Two views of research

After which comment, good manners say I should properly introduce myself.

I am not a researcher, nor am I from the research world. I’m a strategy consultant by background and mindset, who has commissioned and used an enormous amount of research over 20-odd years. And yet, since 2005, my fellow partners and I have deliberately and carefully moved our core business away from strategic consulting to focus on research. Why? Not to put too fine a point on it, we think there’s a different, better paradigm to understand and explain research than the one used by the research world.

The research world understands and explains research in terms of what it, the research world, does. That is, in terms of data, findings and insights generated by carrying out and analysing various types of qualitative or quantitative research techniques using a repertoire of face-to-face or mediumbased methods.

The way the research world thinks about, organises and categorises what it does is completely dominated by this view of research. The basic cleave is between qualitative and quantitative research, closely followed by methodological distinctions. So it instinctively talks about agencies (and people) as being “quant” or “qual” and approaches client work through a methodological door.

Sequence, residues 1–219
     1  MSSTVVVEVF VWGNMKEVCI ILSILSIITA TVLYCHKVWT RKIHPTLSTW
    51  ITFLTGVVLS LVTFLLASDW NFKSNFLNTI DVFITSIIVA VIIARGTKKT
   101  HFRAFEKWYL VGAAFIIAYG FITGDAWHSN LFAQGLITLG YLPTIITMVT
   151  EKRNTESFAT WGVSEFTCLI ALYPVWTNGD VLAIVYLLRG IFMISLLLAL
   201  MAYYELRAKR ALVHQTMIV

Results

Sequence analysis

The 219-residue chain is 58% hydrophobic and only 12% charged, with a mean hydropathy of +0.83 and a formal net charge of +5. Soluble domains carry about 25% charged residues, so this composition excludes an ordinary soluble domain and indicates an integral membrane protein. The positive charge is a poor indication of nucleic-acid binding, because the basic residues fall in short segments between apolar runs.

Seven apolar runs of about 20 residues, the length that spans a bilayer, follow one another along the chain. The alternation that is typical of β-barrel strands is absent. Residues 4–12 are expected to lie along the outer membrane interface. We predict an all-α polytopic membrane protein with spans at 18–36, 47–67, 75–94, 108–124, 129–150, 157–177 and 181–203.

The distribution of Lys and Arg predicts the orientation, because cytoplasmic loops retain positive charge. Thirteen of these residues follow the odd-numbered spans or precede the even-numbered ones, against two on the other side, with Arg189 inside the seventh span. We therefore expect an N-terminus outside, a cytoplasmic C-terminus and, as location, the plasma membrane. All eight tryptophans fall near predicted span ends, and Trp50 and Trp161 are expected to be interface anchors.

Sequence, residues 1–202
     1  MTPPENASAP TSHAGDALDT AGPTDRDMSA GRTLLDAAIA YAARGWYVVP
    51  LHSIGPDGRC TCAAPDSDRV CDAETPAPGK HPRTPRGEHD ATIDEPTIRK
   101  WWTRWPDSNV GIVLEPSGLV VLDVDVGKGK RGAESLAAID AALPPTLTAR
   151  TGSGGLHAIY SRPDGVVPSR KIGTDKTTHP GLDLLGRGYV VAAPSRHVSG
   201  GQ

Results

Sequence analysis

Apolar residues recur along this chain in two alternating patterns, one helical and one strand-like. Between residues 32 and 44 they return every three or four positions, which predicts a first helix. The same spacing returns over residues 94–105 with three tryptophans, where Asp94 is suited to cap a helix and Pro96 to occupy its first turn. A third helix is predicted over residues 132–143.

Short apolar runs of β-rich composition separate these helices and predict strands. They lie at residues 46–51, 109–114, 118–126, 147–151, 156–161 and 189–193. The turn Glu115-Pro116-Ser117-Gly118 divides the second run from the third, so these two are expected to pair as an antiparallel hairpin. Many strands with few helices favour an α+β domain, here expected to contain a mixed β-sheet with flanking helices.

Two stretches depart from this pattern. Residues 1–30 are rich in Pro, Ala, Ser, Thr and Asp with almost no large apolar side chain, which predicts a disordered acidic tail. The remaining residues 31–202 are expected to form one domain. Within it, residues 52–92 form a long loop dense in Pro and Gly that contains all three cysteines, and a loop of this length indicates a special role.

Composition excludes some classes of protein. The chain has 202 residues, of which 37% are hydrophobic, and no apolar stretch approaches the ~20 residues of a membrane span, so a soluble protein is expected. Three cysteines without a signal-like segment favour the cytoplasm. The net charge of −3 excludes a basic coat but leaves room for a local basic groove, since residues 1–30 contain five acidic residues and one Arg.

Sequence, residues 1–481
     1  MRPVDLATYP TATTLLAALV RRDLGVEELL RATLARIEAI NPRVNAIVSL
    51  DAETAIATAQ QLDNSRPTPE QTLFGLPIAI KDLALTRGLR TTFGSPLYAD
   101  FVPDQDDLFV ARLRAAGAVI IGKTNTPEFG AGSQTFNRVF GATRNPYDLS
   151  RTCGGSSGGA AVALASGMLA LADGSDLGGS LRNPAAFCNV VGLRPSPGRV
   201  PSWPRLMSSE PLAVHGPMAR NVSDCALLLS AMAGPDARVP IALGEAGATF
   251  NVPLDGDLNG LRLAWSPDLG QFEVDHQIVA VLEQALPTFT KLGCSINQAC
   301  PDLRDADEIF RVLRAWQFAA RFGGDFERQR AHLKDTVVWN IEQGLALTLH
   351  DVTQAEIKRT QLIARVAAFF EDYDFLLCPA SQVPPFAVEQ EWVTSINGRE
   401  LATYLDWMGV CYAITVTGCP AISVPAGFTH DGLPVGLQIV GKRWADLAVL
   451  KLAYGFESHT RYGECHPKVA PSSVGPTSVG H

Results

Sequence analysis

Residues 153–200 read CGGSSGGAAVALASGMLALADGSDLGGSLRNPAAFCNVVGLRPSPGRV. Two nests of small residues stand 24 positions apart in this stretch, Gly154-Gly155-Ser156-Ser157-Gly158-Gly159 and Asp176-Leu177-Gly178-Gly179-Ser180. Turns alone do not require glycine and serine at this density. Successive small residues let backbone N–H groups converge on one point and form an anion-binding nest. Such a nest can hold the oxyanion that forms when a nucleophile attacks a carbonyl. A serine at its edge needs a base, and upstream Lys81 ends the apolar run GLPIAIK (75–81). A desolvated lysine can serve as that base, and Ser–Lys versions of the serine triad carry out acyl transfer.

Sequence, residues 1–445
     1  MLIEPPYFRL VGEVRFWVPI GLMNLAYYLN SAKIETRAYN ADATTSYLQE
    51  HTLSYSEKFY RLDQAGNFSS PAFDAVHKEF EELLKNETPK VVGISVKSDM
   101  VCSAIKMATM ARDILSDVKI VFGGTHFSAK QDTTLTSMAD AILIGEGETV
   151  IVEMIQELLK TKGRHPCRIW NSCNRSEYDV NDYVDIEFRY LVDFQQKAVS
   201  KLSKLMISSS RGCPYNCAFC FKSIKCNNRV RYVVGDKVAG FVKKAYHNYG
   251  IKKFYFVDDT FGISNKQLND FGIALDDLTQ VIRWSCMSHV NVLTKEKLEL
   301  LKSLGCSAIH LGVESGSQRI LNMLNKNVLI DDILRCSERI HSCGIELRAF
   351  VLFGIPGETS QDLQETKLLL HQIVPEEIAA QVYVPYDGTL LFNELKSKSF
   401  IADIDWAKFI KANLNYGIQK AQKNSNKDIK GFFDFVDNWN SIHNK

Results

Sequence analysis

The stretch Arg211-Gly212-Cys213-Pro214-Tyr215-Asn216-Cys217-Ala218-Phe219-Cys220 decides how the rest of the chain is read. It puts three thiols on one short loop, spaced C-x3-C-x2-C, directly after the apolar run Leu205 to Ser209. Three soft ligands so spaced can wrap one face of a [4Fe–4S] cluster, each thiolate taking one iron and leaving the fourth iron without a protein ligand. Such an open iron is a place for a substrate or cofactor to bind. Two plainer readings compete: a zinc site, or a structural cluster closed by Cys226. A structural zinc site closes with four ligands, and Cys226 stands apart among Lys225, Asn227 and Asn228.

Look closer, and you’ll see that the whole value set permeating the research world – what it focuses on and sees as important – derives from the same paradigm. Indeed, the real surprise would be if it were anything other.

Consultants understand and explain

research in fundamentally different terms. That’s because our relationship with research is fundamentally different – it’s what we use, not what we do.

Here, the metaphor of research as a tool is helpful. Tools are categorised by what they do, not how they’re made. Tools are fit for purpose, in that they’re designed to do specific things. Above all, tools are bought to be used – their value is in what they enable.

A consulting mindset sees research in very similar terms – as a tool to be used to achieve other, more important things. Bluntly, our view is that research has no value until it’s used.

Liberating research

I profoundly believe that seeing research in these terms both liberates it and transforms its status and importance. It redefines and promotes the role of the research practitioner as being to give management the tools they need to achieve other, more important things. It leads to a new basis of categorisation of research – by purpose, not methods – and a new value set, one that derives from the impact research has in its use.

Kuhn’s analysis argues that the research world is incapable of liberating research. That needs people from outside to not just destroy what previously made sense, but who have the ambition, energy and ability – the necessary mix of analytical, creative and entrepreneurial strengths – to replace it with something better.

So that’s what we’re doing. Vive la révolution!

CV John Gambles
Chairman
Quadrangle Group LLP
2008
Chairman, Quadrangle Group LLP
1998 Co-founder, FieldWorks
1987 Co-founder, Quadrangle
1981 Account management, WCRS
1979 Account management, JWT
1974 Management trainee, British Steel